08 Sep 2017, 00:00
Sören Amelang Julian Wettengel

Green state premier: diesel summits unsuitable / BMW e-car offensive

Frankfurter Allgemeine Zeitung

The “ill-prepared” ‘diesel summits’ organised by the federal government are not the right platform for dealing with the “dynamic” developments of the car emissions fraud scandal, Baden-Wuerttemberg’s Green state premier Winfried Kretschmann told the Frankfurter Allgemeine Zeitung in an interview. In his home state, there existed an institutionalised seven-year “strategy dialogue” between government, industry, science, civil society and municipalities, he said. Kretschmann opposes proposals such as e-car quotas and setting an end date for combustion engines now. “In our emotional exuberance, we shouldn’t take the third step before the first.” Instead, he says he favours emissions limits. A so-called “blue badge”, which would give cities a legal basis for banning older diesel cars, “would be a technology driver and an announcement that industry and consumers could plan with,” said Kretschmann.

Read an article on the interview in German here.

Find more information on the past diesel summits in CLEW’s articles Merkel at second diesel summit: must avoid driving bans "by all means" and German carmakers pledge diesel software updates and buyer’s bonus.

BMW / electrek

In the run-up to the Frankfurt car show (IAA), premium carmaker BMW has updated its electric car plans with more all-electric models. “Let me make one thing very clear: in e-mobility, the BMW Group will also be the leading provider in the premium segment,” CEO Harald Krüger said in a press release. “By 2025, we will offer 25 electrified vehicles – 12 will be fully electric.” BMW previously said that electric models, which include all-electric cars and plug-in hybrids, are expected to account for “around 15 to 25 per cent” of their sales by that date.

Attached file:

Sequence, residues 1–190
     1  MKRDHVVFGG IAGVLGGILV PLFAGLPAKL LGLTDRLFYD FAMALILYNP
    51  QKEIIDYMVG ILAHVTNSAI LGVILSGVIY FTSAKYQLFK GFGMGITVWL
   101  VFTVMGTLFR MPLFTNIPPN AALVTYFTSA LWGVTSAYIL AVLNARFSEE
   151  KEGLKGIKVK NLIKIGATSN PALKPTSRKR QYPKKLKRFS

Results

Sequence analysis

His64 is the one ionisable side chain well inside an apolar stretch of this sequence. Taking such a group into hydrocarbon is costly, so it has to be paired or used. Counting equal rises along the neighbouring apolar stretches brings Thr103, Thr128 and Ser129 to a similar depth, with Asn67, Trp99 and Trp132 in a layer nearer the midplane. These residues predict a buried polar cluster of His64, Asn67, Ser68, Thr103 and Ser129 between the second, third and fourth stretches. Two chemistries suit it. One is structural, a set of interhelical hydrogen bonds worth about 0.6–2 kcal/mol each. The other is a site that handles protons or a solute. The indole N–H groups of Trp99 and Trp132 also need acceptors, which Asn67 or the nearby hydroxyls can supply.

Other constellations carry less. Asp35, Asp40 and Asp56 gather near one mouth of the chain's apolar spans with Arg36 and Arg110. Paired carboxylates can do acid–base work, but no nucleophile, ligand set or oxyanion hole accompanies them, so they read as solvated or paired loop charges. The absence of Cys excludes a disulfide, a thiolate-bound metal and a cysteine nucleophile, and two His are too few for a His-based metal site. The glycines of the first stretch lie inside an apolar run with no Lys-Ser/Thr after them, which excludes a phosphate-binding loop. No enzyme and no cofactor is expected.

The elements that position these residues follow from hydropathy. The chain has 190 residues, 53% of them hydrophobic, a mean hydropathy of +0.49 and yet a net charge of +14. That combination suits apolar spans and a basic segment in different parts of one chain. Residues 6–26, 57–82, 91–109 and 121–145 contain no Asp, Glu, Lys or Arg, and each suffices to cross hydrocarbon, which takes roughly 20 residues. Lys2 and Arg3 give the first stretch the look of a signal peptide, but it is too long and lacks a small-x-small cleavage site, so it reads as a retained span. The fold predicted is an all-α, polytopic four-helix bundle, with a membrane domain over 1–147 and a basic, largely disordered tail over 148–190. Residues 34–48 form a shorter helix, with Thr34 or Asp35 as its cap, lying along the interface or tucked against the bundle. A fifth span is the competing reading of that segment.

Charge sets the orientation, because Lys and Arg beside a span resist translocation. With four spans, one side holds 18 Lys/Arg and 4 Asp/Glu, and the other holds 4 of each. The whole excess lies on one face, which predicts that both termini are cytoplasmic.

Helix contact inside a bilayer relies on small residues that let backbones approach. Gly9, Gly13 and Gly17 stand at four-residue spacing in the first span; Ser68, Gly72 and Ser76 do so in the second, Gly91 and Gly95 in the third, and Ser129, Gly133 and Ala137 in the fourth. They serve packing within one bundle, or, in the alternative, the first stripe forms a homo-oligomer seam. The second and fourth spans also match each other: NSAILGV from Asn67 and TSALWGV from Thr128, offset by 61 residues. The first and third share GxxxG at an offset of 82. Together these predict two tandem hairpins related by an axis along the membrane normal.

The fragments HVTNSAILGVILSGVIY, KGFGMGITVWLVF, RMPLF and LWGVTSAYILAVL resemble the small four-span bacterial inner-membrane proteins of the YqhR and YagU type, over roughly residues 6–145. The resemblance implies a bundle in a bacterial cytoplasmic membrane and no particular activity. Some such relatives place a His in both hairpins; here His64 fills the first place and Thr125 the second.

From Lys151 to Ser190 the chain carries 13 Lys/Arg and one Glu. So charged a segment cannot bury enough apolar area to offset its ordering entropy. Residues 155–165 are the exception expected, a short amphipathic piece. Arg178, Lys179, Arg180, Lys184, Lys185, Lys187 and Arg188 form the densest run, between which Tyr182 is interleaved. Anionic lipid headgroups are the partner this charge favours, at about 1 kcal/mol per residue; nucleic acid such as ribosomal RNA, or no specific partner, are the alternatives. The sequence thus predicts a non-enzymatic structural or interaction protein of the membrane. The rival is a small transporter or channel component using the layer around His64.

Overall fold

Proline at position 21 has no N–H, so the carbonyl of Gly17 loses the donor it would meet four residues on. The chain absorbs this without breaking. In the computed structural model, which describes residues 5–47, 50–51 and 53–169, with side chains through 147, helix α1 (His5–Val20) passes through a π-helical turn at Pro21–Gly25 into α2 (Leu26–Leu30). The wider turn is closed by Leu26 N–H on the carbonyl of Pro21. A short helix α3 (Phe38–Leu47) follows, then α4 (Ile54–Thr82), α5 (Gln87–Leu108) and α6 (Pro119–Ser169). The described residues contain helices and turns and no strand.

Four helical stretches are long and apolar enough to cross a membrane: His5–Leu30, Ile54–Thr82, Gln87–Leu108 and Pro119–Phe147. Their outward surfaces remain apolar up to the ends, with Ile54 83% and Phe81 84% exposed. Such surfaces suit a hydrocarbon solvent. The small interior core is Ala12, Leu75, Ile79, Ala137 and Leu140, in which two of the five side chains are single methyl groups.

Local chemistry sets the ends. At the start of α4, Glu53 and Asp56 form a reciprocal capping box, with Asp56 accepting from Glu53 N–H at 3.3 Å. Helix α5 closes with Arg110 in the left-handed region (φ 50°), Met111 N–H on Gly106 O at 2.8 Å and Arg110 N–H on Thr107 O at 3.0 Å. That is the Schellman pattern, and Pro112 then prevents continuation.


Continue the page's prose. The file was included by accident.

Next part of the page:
In a report for electrek, Fred Lambert calls the announcement a “serious update” after the long gap since launching the i3 “raised doubts about BMW’s commitment to all-electric cars.” The IAA will officially open next week.

Read the BMW press release here.

Read the electrek report here.

Find background in the updated Factsheet Early e-car starter BMW plans new mobility sprint.

FOCUS Magazin

Free Democratic Party (FDP) head Christian Lindner sees “high hurdles in energy policy” for a possible government coalition of conservatives (CDU/CSU), Free Democrats and the Green Party after the German general elections, he told FOCUS Magazin in an interview. “Until now, I’ve had trouble imagining a Jamaica alliance [a colloquial term comparing the traditional colours of the CDU/CSU, FDP and Greens to those of Jamaica's black, yellow and green flag],” said Lindner. He criticised some Green Party policy proposals: “Regarding the diesel crisis, they don’t understand that subsidies, quotas and bans make no sense - not only economically, but also ecologically. We need technology neutrality to reach climate targets,” Lindner told FOCUS.

Read an article on the interview in German here.

For background, check out CLEW’s factsheet Colour codes: How energy & climate policy differs in German coalitions.


Global competition pressure in the renewables sector will increase over the coming years, as costs and overall investments continue to drop, while renewables growth will be less than in previous years, writes Germany’s second-largest bank Commerzbank in a new market analysis. In Germany, the shift to auctions for renewables support have led to a drop in support payments per kilowatt hour, but also to lower expansion potential, writes the bank in a press release. Growth in the wind power sector is seen continuing to shift to offshore business in the future. Commerzbank has financed about 15 percent of Germany’s wind power capacity, writes the company.